Martyrs for the faith, about to die horrible deaths rather than renounce their Lord?

That nice family from church who are so patient in the trials life throws at them, always concerned about others rather than themselves?

Yourselves?

Any, and all, of those fit the description of saints and today we are celebrating them. The scope of today is broad; I would like to narrow it down to the last on the list – ourselves. Continue reading

BIBLE


Leave a comment

Bible Sunday

On 23 October we celebrated Bible Sunday. Helene Milena shared a sermon by The Right Rev John Pritchard, supplied for the day by Bible Society, in the Anglican Cathedral on Epiphany Island in Second Life. The readings were  Isaiah 45:22-end, Psalm 119:129-136,  Romans 15:1-6Luke 4:16-24.

The French philosopher Voltaire once said, ‘A hundred years from my death the Bible will be a museum piece.’ A hundred years after his death the French Bible Society set up its headquarters in Voltaire’s old home in Paris.

On Bible Sunday we celebrate the most popular – but often un-read – book in the world. Under-read in the West at any rate. And yet when the new sovereign is given a Bible at his or her coronation it’s with these words, ‘We present you with this book, the most valuable thing that this world affords. Here is wisdom; this is the royal law; these are the lively oracles of God.’ You couldn’t set the bar much higher. Continue reading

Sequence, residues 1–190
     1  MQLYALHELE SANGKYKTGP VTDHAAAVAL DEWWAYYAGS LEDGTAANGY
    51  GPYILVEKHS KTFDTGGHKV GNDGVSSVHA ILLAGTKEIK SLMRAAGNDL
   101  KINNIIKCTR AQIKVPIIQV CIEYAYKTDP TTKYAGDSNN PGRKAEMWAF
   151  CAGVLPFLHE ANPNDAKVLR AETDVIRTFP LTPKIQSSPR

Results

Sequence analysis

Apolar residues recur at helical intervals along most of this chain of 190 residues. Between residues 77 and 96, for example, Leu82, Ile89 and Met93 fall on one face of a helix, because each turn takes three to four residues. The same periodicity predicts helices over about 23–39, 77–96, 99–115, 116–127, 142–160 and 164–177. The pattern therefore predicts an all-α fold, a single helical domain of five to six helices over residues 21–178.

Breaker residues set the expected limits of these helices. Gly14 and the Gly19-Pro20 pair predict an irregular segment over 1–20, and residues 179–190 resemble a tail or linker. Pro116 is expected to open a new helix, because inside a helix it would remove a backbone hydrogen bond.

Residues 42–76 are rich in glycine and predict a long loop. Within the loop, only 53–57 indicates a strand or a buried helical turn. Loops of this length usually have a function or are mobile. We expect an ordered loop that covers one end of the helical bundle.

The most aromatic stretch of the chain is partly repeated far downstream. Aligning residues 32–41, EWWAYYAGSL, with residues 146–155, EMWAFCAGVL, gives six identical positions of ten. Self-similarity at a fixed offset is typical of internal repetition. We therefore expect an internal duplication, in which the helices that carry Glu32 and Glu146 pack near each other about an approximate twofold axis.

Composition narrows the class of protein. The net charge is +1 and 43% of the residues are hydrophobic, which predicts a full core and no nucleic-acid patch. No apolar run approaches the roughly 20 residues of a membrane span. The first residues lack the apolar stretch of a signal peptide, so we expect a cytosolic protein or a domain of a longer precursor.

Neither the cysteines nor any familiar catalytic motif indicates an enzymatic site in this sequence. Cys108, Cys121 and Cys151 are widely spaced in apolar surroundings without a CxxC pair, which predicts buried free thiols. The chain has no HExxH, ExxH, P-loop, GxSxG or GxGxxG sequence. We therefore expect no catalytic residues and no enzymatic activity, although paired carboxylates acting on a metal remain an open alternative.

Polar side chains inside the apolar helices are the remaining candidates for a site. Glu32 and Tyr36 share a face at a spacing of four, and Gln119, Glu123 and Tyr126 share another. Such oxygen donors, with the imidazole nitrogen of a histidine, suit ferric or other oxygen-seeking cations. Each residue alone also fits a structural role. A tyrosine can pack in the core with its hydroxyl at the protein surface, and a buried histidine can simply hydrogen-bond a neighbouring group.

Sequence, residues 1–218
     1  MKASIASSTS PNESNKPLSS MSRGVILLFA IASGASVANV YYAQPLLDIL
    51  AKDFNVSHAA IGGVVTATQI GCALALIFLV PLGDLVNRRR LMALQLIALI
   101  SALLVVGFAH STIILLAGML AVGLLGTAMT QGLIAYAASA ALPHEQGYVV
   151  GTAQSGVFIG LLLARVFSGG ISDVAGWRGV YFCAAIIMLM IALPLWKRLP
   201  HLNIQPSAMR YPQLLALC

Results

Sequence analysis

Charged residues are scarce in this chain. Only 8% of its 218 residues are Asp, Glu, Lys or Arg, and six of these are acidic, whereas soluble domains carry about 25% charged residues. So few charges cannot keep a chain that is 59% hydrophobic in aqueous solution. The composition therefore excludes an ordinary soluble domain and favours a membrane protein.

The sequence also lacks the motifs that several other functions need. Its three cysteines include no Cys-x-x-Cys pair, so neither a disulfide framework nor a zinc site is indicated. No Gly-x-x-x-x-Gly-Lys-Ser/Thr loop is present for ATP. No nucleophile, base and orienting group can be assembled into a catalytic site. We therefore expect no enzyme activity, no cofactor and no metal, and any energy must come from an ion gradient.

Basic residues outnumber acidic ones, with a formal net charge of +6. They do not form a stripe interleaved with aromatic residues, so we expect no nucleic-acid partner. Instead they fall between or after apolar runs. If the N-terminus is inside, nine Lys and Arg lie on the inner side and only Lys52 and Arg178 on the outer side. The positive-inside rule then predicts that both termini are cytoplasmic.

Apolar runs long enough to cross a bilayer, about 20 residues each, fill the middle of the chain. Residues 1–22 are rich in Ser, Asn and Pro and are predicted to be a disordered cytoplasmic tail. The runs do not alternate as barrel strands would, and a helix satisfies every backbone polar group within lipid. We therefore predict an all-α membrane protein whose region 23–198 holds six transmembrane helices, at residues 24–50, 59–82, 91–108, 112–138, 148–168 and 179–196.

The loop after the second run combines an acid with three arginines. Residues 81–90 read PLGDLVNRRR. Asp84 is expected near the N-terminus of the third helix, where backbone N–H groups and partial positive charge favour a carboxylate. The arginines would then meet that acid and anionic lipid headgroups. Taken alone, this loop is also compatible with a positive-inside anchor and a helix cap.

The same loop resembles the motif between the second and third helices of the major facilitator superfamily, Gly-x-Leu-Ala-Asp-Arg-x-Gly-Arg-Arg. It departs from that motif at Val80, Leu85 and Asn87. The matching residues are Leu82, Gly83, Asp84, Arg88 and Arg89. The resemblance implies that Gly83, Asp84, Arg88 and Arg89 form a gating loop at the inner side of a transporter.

36226100


Leave a comment

Bless the Lord, O my soul

On 16 October we celebrated creationtide. Helene Milena preached the following sermon in the Anglican Cathedral on Epiphany Island in Second Life. The readings were  Psalm 104: 1, 11-23, Job 39:1-8, 26-30,  Luke 12:22-31.

Anyone who has followed news from the UK may have seen an item about a dispute between the Tesco supermarket chain and Unilever, an Anglo-Dutch firm which produces a variety of items usually stocked in supermarkets. Tesco objected to a 10% price rise across the range of Unilever’s products, which was blamed on the UK vote to leave the European Union. As a result, several items were no longer available to online shoppers and there was a risk that they would not be on the shelves in shops unless the dispute was resolved. Unilever’s website claims that 98% of UK households buy their products, so the potential impact was huge. Thankfully the problem seems to have ended. Fans of Marmite (yeast extract) or Hellmann’s mayonnaise or Magnum ice-creams can rest easy that their source of supply is not cut off. Continue reading